Seebaugh said in this instance, the small size of the school system is a benefit, allowing administrators and teachers to better keep track of students and to identify those in need.
“We have regular Zoom team meetings to discuss and identify high-risk students,” he said. “We have pretty deep relationships with our students. We know a lot about our students, a lot about their families and their needs. We feel pretty good about where we are right now.”
“In Ohio, they loosened the regulations concerning how we deliver services, so they are allowing us to do phone and telehealth, so we are using video to connect with kids, or by phone,” said Douglas Pfeifer, CEO of Life and Purpose Behavioral Health, which provides mental health services and support for five Washington County school systems, including Belpre and Marietta. “We are still doing some in-home and in the community, but most has been telehealth.”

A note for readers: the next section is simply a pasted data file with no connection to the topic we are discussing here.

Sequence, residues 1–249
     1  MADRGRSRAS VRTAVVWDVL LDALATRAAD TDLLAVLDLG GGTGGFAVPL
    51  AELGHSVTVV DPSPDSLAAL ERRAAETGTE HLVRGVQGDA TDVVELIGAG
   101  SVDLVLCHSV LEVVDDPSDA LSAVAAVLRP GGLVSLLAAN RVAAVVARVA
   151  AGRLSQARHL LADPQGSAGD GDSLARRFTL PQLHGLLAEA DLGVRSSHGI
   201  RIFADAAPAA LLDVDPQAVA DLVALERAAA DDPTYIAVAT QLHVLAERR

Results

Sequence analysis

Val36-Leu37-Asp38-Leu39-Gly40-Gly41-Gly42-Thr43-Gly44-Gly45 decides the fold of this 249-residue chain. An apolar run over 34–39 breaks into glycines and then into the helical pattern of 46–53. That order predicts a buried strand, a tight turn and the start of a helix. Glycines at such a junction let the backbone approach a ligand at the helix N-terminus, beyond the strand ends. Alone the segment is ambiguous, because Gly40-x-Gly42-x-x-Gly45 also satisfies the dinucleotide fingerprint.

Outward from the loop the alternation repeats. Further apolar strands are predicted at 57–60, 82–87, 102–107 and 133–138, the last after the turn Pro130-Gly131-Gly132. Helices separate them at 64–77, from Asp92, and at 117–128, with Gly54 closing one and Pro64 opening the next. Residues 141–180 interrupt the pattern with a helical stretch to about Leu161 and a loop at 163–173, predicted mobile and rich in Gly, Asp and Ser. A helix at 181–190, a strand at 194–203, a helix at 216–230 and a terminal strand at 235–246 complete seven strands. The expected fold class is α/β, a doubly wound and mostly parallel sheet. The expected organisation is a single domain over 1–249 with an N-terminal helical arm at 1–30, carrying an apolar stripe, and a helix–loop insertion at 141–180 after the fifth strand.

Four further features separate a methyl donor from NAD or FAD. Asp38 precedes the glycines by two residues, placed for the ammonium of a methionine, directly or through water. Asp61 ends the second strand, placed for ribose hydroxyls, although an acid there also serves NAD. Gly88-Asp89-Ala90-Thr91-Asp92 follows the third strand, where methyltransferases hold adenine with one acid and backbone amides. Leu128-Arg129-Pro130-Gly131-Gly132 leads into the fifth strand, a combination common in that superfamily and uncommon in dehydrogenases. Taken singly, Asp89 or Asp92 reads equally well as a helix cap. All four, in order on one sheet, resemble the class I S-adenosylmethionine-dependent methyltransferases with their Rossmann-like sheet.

“We’ve had to be creative and thoughtful about how we do this so that we can reach kids,” he said. “We were working with well over 300 kids in five school districts, about 20-some schools. We’re certainly not going to see as many kids right now because a lot of them don’t have the technology, some we just can’t get a hold of them. We’ve tried to work collaboratively with the schools to get a hold of people, connect with them and let them know how we can provide care.”
Pfeifer said maintaining those relationships during such a difficult time is equally important, as social distancing can also lead to social isolation.
“The biggest loss here is the loss of connection. Losing that social connection is going to have damaging effects for us,” he said. “We are encouraging people to reach out for services, to not let those mental health services go.”